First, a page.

Saturday, January 20th

News

The state of Wisconsin will hold a hearing next month to review whether a Georgia timber company should be allowed to fill wetlands for a frac sand processing site in Monroe County.

Clean Wisconsin last year challenged the Department of Natural Resources’ decision to issue Meteor Timber a permit to fill 16.25 acres of wetlands for the proposed $65 million processing and loading facility near Millston.

A contested case hearing, a process similar to a court trial, has been scheduled for Feb. 26 through March 2 in Tomah.

An administrative law judge will listen to testimony and determine whether the project will have significant adverse environmental consequences and is the least environmentally harmful alternative as well as whether the DNR had sufficient information and followed procedures outlined in state statute.

Corn price highs and lows have different definitions to different people.

The dairy farmer may prefer when corn is cheap to reduce the cost of feed.

For crop farmers, low corn prices mean a tightening of the proverbial belt on margins and profitability.

What we learn from this is that the definition of “normal” is relative to what is grown and produced. However, there are many factors that demonstrate the new long-term “normal” may be $3.50 per bushel.

In order to understand this paradigm shift, we need to explore what caused the record high prices seen in 2012 and why it will be very difficult for the markets to sustain that high for any length of time during the next five to 10 years.

An agreement with the American Transmission Co. is moving forward after approval by the Jackson County Executive and Finance Committee.

At its Jan. 8 meeting, the committee gave the nod to easement requests from ATC to allow it to run high-voltage transmission lines through 16.47 acres of county forest land.

ATC asked to be allowed temporary access to the land so it can clear vegetation, set foundations and poles and string wire. The company’s request includes an .85 access easement to the county-owned land. The resolution also designates that the transmission line company will restore the land.

As part of the agreement, ATC will pay the county $49,500 for the easement and an additional $500 for the access permit.

Local educators are bullish on proposed legislation to aid low-spending and low-enrollment school districts.

State Rep. John Nygren, R-Marinette, has introduced legislation to allow low-spending districts to increase the amount they spend from the current $9,100 per-student limit to $9,400 per student next school year. The limit would increase by $100 each school year until it reaches $9,800 per student by the 2022-23 school year. It would also increase sparsity aid payments to small school districts from $300 to $400 for student.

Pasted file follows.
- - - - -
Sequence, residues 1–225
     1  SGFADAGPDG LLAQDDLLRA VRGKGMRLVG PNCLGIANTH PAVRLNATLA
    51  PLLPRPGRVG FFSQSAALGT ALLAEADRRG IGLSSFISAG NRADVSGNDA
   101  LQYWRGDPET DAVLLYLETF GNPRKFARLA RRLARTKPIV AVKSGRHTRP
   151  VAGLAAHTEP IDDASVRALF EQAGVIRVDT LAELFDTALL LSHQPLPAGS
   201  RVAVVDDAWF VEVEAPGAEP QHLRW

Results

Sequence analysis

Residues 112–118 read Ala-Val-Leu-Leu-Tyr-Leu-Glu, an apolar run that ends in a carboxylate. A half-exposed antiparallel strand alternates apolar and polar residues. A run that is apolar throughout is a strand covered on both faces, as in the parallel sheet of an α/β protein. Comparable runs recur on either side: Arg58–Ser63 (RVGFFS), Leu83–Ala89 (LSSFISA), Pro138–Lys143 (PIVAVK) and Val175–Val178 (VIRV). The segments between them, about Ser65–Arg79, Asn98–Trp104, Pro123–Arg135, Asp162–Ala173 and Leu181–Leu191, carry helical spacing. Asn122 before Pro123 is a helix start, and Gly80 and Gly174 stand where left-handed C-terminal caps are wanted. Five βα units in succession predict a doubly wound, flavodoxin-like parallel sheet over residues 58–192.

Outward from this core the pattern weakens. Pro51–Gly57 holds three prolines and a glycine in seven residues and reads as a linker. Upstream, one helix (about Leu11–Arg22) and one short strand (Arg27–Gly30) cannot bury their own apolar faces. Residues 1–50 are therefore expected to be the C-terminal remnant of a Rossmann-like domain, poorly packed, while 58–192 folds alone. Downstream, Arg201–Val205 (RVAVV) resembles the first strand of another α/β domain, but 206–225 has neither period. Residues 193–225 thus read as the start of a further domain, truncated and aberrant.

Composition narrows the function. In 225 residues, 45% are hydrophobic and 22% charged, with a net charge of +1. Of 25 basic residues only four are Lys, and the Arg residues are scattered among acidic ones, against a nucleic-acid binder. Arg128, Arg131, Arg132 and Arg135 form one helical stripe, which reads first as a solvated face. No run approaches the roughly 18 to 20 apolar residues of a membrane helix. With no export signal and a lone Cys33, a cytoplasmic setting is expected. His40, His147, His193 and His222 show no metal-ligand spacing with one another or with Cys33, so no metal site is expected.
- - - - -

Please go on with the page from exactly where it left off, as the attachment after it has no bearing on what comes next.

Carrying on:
Black River Falls and Tomah are among 120 school districts defined as low-spending under the bill. Black River Falls School District superintendent Shelly Severson welcomes the change.

“We’re very excited the Legislature has re-opened the discussion on low-spending districts,” Severson said.

January 11

Jordan A. Adam, Milwaukee, speeding, 11-15 mph over, $200.50.

Kelley Robert Aderholdt, Neillsville, failure to stop at railroad crossing, $269.50.

Stephanie Marie Aguilar, Black River Falls, operating while suspended, $200.50.

Phillip D. Allen, Racine, operating without proof of insurance, $10.

Royd A. Anderson, Melrose, failure to inspect/pump septic tanks, $452.50.

Ronald Burton Anderson, St. Paul, Minnesota, operating without license, $200.50.

Carmelo Arroyovenegas, Racine, speeding, speeding 11-15 mph over, $200.50.

Timothy Brandon Aukoker, Palmyra, speeding 11-15 mph over, $200.50.

Elia Anthony Ayaz, Minnetonka, Minnesota, speeding 11-15 mph over, $200.50.

Ashleigh Nicole Baker, Black River Falls, possession of drug paraphernalia, $200.50.

Raju Bandugula, Verona, speeding 16-19 mph over, $250.90.

Sergey Barannikow, Buffalo Grove, Illinois, speeding, 16-19 mph over, $250.90.

Area farmers are invited to a grain marketing and risk management meeting Wednesday, Jan. 17, at the Melrose American Legion Hall, 303 N. Washington St., from 11 a.m. to 3 p.m.

Brian Beyer and Terri Rudie of Cargill will discuss the corn and soybean market outlook, providing an update of market forces – domestic and international, and market strategies for 2018.

Brenda Boetel of the University of Wisconsin-River Falls will discuss grain and livestock market conditions and outlook, and John Strohfus of Minnesota Hemp Farms will discuss considerations for those curious about marketing and the production of industrial hemp.

Compeer Financial will provide a brief update of 2018 crop insurance programs.

For more information, contact the Jackson County UW-Extension office at 715-284-4257.

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